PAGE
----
DataGrip 2022.2 is here! This is the second major update of 2022, and it’s packed with various enhancements. Let’s take a look at what’s inside!
We’ve enhanced the file importing process by implementing the ability to select several CSV files and import them at once!
In order to resolve database objects in SQL scripts, DataGrip needs to understand what the objects mean. This is necessary for the IDE to provide you with correct code completion and treat the usages of objects as links.
In general, the resolve context should match the running context, but that is not a trivial task for DataGrip to handle. This is why there were, until recently, several resolve-related problems. Here’s what would sometimes happen:
The cause of these issues was that, for each console or local file, DataGrip resolved their objects to the context selected in the top right-hand drop-down menu and the default database or schema (or the entry from the SQL Resolution scopes setting).
This was fine for working with scripts containing
SET SEARCH PATH statements, which switch the context. However, the
IDE needs to know where to resolve to at the beginning of the file, too. So, it
treated the default database or schema (or the entry from the
SQL Resolution scopes setting) as the most appropriate context for the
beginning of the file.
In other words, if there are no
SET SEARCH PATH
statements in your file, then DataGrip shouldn’t try to resolve the beginning of
the file to somewhere out of context. To address this situation, we created a
way for DataGrip to know which approach to follow by introducing two resolve
modes: Playground and Script.
In Playground mode, DataGrip resolves all objects to the context, which is the value in the schema chooser, resolution scope, or default database. It works best if your file is just a set of unconnected queries, independent of each other and in no particular sequence. Playground mode is now the default for query consoles.
In Script mode, the beginning of the file is resolved to the context, but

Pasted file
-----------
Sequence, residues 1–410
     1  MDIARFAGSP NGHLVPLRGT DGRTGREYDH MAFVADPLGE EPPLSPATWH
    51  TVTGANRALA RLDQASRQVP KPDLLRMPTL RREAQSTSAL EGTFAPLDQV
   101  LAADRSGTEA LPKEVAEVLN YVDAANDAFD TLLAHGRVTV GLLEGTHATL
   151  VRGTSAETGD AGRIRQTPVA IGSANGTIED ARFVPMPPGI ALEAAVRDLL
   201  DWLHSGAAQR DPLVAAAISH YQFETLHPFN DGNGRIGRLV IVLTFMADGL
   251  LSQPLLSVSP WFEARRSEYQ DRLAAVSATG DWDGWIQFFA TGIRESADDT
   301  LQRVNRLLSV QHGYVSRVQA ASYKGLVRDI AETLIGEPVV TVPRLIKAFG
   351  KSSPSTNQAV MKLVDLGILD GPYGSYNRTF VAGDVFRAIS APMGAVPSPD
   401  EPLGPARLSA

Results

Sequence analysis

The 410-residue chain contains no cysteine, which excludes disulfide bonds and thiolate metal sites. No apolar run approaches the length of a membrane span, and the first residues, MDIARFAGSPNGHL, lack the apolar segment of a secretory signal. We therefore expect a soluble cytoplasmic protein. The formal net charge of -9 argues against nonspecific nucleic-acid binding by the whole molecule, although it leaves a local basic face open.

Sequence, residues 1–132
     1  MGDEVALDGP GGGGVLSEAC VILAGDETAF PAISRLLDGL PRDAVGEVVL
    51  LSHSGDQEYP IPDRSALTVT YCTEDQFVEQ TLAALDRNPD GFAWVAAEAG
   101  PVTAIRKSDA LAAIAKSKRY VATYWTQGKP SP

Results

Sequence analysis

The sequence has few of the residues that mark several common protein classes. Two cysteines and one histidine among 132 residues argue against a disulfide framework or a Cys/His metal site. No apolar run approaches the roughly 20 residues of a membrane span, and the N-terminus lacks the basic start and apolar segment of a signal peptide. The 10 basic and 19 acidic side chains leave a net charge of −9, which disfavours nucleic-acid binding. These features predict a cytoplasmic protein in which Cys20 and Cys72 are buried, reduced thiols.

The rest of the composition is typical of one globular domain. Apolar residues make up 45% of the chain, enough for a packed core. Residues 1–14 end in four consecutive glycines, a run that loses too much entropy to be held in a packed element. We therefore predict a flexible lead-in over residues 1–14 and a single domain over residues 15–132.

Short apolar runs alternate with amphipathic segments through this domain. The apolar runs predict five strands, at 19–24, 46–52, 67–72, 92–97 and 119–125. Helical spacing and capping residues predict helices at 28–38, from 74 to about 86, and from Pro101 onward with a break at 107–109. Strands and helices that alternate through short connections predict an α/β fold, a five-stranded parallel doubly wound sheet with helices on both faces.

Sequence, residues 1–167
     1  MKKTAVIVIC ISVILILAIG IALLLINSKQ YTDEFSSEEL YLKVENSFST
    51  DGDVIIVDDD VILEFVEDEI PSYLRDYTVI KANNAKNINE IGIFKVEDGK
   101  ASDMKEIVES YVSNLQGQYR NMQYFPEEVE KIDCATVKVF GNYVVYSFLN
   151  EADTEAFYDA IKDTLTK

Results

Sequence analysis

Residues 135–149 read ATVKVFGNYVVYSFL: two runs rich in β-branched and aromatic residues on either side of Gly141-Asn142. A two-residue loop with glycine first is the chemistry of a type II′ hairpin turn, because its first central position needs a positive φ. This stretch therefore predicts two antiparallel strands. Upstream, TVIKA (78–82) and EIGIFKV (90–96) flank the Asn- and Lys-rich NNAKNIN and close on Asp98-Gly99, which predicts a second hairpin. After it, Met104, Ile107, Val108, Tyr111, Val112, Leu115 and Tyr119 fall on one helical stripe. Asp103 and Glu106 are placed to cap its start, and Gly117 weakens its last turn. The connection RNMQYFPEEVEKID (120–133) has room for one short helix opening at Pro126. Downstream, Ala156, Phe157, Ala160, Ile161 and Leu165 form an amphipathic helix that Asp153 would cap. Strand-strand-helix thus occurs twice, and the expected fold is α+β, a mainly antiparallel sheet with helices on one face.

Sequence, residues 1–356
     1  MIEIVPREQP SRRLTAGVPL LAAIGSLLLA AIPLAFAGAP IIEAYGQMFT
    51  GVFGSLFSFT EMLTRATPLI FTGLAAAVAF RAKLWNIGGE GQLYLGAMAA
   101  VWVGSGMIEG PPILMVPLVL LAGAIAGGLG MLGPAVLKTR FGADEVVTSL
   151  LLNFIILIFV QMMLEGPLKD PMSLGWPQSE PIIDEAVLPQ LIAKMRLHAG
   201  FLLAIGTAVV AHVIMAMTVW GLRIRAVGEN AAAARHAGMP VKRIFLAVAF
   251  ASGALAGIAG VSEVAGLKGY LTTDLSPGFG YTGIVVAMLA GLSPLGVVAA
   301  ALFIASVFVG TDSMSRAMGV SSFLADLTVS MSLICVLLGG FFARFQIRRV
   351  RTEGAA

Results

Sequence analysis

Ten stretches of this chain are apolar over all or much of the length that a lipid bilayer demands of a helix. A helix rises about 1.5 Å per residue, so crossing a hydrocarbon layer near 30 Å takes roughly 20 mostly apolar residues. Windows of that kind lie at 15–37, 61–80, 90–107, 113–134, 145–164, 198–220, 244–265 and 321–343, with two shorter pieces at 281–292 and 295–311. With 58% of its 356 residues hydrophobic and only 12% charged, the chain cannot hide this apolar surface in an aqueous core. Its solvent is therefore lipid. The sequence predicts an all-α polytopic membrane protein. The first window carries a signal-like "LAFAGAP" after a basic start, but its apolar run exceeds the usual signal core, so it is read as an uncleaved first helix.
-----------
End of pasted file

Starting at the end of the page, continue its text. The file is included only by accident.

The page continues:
USE statements in the script change the context for the resolve
because they are part of the script’s sequential logic. This is a good choice for
when your queries have sequential logic and should be run as a single script.
Script mode is now the default for local files.
Switching between the modes is easy. Just use the drop-down menu on the toolbar, as in the screenshot.
The new Modify UI, a basic version of which was introduced in the 2022.1 release, has become the default option. Starting with DataGrip 2022.2, all of a table’s child objects can be added and edited using this new UI.
The old UI will remain available through this release cycle via the context menu.
Collations and charsets are now generated with the table’s DDL.
Previously, all of the actions related to database functionality were stored in four different places in the keymap. This structure, which has very little logic, was a historical consequence of the IDE’s development.
To help you see all of the available actions, we’ve re-arranged the structure and placed all of the actions in groups under the Database parent group.
For macOS users, we’ve introduced the ability to merge all open project windows into one, turning them into tabs. This action is available from the Window menu.
Oracle and Vertica databases can provide warnings if the password is going to expire. DataGrip now retrieves this information and displays it after Test Connection is activated.
We’ve added 3 new databases to the basic support list: DuckDB, Mimer SQL, and Apache Ignite.
SET ROWCOUNTis executed before Azure queries to limit page size.
MODIFY ORDER BYis supported for
CHANGETABLEis now supported.
END CONVERSATIONis now supported.
PRAGMA_TABLE_XINFOtables are resolved correctly.